Not everything is as seems

English: Shuhari, Japanese

English: Shuhari, Japanese (Photo credit: Wikipedia)

This shouldn’t surprise me, but learning methods in Japan (the east) and the US (the west) are completely different.

My earliest exposure to the eastern teaching style came while watching The Karate Kid. Daniel-san is utterly confused by the  tasks that his sensei, Mr. Miyagi has him perform. What does painting a fence, waxing a car and catching a fly with chopsticks have to do with karate? Nothing….and everything.

The Karate Kid

The Karate Kid (Photo credit: Wikipedia)

In the west, we want to be told the answers rather than discovering the answers for ourselves.

In the east, there is a structured teaching method, called Shuhari, that places much of the burden on the student (with guidance from sensei) to discover solutions. The process never stops…a student never arrives at the final answer.

More on Shuhari from the wikipedia entry

Shuhari roughly translates to “first learn, then detach, and finally transcend.”

  • shu (守?) “protect”, “obey” — traditional wisdom — learning fundamentals, techniques, heuristics, proverbs
  • ha (破?) “detach”, “digress” — breaking with tradition — detachment from the illusions of self
  • ri (離?) “leave”, “separate” — transcendence — there are no techniques or proverbs, all moves are natural, becoming one with spirit alone without clinging to forms; transcending the physical

Now back to The Karate Kid…check out the quotes below and see how they relate back to Shuhari.

Miyagi: We make sacred pact. I promise teach karate to you, you promise learn. I say, you do, no questions.

Miyagi: You karate training.

Daniel: I’m *what*? I’m bein’ your goddamn *slave* is what I’m bein’ here man, now c’mon we made a deal here!

Miyagi: So?

Daniel: So? So, you’re supposed to teach and I’m supposed to learn! For 4 days I’ve been bustin’ my ass, and haven’t learned a goddamn thing!

Miyagi: You learn plenty.

Daniel: I learn plenty, yeah, I learned how to sand your decks maybe. I washed your car, paint your house, paint your fence. I learn plenty!

Miyagi: Ah, not everything is as seems…

This last line, “not everything is as seems” is important. Being taught by a master sensei, there will often be times when you do not understand why a lesson is being taught. But remember, you are the student, not the sensei.

I admit, that I am not the best student or sensei. I want the answers directly and I’d rather not interpret a Chinese folk tale or sand a deck to understand the answer to a question. As a teacher, I’d rather not take the time to think about the appropriate exercise for the student for him or her to discover the answer on their own.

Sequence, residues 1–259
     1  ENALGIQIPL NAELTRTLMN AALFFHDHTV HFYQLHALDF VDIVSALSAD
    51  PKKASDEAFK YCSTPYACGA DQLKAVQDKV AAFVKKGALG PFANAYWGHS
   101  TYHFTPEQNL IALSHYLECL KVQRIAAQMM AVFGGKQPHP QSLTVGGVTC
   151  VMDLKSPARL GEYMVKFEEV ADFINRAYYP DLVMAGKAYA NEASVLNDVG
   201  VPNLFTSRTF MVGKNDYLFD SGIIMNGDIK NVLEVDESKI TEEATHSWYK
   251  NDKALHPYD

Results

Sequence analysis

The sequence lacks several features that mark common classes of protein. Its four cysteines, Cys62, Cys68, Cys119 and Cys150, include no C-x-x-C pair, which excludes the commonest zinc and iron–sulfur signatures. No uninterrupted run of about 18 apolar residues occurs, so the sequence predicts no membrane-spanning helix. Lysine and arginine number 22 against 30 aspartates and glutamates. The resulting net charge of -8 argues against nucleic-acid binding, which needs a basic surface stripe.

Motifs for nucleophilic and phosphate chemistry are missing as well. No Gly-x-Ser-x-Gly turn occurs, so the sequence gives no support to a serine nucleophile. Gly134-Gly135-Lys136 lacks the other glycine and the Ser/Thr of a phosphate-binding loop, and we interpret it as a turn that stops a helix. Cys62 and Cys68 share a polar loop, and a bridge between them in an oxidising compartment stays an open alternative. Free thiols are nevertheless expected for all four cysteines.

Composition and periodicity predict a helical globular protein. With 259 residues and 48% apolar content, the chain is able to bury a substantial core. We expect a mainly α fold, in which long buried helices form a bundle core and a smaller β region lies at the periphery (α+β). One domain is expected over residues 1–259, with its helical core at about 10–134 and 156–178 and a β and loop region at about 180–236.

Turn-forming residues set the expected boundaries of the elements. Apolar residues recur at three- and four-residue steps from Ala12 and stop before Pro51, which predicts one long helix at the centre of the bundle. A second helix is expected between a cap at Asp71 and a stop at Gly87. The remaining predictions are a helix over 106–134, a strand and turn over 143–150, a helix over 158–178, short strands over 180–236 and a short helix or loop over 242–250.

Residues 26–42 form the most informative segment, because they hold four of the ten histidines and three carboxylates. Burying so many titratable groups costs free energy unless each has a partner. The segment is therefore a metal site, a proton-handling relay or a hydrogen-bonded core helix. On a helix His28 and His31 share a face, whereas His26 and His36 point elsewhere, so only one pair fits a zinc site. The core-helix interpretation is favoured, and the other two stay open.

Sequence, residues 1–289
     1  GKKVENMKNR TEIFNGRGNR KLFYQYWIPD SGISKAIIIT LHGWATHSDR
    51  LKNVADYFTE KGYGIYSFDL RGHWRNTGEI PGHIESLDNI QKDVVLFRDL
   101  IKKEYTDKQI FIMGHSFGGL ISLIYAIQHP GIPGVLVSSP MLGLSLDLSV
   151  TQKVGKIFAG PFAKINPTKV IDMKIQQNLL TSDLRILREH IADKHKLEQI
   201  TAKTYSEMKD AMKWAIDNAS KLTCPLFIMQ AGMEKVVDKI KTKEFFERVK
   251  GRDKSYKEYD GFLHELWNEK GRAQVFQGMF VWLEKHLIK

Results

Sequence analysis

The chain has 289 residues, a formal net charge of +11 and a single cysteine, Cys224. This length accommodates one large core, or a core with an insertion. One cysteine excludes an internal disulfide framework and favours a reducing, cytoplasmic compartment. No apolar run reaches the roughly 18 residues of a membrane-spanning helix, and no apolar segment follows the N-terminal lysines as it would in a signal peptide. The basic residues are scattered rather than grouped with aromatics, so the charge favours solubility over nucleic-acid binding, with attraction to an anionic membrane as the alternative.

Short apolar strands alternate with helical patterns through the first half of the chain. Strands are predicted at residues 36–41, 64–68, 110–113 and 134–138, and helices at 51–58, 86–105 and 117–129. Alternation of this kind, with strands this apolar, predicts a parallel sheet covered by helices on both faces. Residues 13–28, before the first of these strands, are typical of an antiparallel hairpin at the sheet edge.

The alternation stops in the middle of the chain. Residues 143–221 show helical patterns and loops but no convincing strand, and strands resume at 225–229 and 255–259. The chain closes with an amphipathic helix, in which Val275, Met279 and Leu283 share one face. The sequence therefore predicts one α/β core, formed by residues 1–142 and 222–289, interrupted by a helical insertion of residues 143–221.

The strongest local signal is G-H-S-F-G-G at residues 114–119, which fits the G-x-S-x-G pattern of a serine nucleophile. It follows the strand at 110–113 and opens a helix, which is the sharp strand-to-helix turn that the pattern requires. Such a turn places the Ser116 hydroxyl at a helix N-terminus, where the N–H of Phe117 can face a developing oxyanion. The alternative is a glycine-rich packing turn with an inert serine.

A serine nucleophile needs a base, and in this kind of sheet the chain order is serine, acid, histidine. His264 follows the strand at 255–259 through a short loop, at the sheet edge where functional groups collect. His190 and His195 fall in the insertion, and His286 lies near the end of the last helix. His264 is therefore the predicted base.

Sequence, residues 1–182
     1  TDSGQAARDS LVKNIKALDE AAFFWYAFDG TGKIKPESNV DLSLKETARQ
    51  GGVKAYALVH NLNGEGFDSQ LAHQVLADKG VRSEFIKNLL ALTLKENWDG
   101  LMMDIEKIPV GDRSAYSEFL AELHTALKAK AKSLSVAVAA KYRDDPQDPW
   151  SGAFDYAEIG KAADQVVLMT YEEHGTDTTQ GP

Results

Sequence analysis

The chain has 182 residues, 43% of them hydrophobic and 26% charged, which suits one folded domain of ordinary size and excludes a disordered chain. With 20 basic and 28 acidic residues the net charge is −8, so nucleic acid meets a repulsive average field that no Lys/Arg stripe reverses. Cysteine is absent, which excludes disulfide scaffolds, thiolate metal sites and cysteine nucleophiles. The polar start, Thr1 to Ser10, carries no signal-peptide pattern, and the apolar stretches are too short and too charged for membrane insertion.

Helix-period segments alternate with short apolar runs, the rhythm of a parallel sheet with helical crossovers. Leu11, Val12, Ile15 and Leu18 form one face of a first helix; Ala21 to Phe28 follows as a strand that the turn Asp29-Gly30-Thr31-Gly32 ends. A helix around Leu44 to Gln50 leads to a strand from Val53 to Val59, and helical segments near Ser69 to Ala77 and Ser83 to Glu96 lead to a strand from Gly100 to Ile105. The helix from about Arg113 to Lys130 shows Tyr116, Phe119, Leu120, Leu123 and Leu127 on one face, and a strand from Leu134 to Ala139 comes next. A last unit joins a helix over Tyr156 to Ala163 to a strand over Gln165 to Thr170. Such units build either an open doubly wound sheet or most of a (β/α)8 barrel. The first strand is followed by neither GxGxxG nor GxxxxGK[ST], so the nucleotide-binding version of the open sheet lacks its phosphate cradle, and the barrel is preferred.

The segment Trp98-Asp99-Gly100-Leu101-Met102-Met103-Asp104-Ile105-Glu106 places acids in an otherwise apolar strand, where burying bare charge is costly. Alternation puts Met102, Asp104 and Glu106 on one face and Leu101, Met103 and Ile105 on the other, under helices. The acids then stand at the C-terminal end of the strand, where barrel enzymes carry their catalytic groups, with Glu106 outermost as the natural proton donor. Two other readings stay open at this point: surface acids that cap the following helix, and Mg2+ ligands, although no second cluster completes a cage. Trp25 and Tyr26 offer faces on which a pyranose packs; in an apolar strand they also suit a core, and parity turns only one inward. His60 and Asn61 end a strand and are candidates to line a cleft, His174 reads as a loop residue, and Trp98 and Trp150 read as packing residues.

Shuhari is hard work, but the more I study the lean thinking and eastern culture, the more it seems like it’s worth the effort…not to mention, my deck is being sanded by someone on my team this weekend. (just kidding!)


Always improving


As I was reading to my daughters last night, I thought about two things I do while reading to them that relate to this idea of improving:

  1. When I read I try to work on voice inflection – not being monotone, using different voices – in general, I try to get into the story as much as possible
  2. I try to read long passages at a time without looking at the page. Read a sentence quickly to myself, look up, and then say the sentence out loud. I’m not sure when this will come in handy (apart from having to deliver a pre-written speech in front of a large audience) but it’s something I practice anyway

So after typing these out, I realize this may sound very strange, but my kids love #1 and they don’t even realize that I am playing a memory game (I had typed out “they don’t even realize that I am doing #2” but I decided that sounded ridiculous!). I read to my kids every night, so every night is an opportunity to use the time I have to also work on my ability to speak in public.

What is something you do every day that could also help you improve on a skill you need for your job? Do you have an opportunity to take on a leadership role at a non-profit that you are involved in? I had a co-worker who viewed volunteering to read scripture in church as a way to improve her confidence to speak in public. Is “always improving” a reason on it’s own to volunteer? Of course not. I read to my kids because I love spending the time with them…it’s one of the highlights of my day. That said, I’m always looking for ways to improve.